Howard and I set off after the main group, intending to catch up later as we followed the same route: slantwise down the Great Glen, alongside Loch Ness and Loch Lochy (Lochy McLochface?) to Fort William. We stopped at the Spean Bridge Commando Monument, whose three bronze figures look out at the landscape where wartime wearers of the green beret were trained.
The long 40 and 50 limits out of Fort William were presumably designed to enable looking at the views without holding up other traffic. After Glen Coe the road began to climb, and I soon lost sight of Howard as we worked on overtaking the lorries and caravans (this scenic route also being a vital one for transport).
It was windy up in the hills, mile upon mile passing with no sign of human habitation, and I was beginning to panic slightly when the descent began and scattered villages appeared. At last, I entered Tyndrum and spotted the agreed lunch stop, the Green Welly.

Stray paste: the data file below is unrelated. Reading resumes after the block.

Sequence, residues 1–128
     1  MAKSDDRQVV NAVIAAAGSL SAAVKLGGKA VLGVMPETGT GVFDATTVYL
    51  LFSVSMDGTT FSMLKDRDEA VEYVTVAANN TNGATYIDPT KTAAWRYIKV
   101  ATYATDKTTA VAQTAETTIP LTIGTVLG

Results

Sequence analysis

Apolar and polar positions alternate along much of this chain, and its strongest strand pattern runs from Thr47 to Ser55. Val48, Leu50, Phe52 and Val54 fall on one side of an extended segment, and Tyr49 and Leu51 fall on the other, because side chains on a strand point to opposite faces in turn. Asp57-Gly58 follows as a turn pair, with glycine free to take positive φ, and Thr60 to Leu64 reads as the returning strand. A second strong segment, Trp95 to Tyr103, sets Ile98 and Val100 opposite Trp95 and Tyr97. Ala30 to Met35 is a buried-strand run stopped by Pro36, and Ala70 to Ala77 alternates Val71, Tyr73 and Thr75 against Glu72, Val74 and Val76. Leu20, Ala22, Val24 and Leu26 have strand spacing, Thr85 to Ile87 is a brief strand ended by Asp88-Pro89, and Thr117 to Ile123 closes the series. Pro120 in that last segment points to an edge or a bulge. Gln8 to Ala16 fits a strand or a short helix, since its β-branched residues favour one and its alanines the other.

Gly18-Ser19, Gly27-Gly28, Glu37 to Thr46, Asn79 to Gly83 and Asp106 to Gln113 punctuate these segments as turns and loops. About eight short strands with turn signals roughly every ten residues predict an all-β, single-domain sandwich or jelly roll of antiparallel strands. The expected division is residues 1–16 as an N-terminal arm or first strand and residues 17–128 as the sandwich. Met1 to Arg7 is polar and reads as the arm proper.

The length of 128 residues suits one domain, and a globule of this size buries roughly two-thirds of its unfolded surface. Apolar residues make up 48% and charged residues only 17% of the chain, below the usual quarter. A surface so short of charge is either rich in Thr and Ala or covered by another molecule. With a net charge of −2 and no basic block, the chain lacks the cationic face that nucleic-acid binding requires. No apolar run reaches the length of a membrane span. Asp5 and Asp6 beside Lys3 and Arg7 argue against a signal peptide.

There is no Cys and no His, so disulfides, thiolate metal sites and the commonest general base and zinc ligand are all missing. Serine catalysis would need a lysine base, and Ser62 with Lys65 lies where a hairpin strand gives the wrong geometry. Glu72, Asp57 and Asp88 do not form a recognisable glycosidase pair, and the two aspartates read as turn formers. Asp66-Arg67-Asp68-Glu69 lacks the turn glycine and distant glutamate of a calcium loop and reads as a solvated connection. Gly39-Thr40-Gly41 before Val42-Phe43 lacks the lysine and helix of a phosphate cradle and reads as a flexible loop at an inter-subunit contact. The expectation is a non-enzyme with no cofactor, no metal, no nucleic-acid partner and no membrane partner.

We had seen no sign all day of the rest of the group. Howard was convinced they were miles ahead, while I was sure we must have missed them somewhere on the road. We had our answer as I was finishing my sausage sandwich, when they walked through the door.
It was raining heavily when we left, just for a change, and we stuck together for the next leg as the rain shifted gears from 'persistent, heavy' to 'tipping it down'.
We made a diversion to do the Duke's Pass, which must be pretty when the roads aren't awash and you can see the views, before heading to a remote tea shop which proved to be closed.
So Howard and I said our farewells in the car park, walking from bike to bike to offer wet handshakes and hugs. An hour's riding in the rain, and Stirling in the rush hour, brought us to my aunt and uncle, who were positively delighted to welcome two dripping, smelly bikers into their home. We spared a thought for the others, and the extra eighty miles to Carlisle, as we changed for dinner.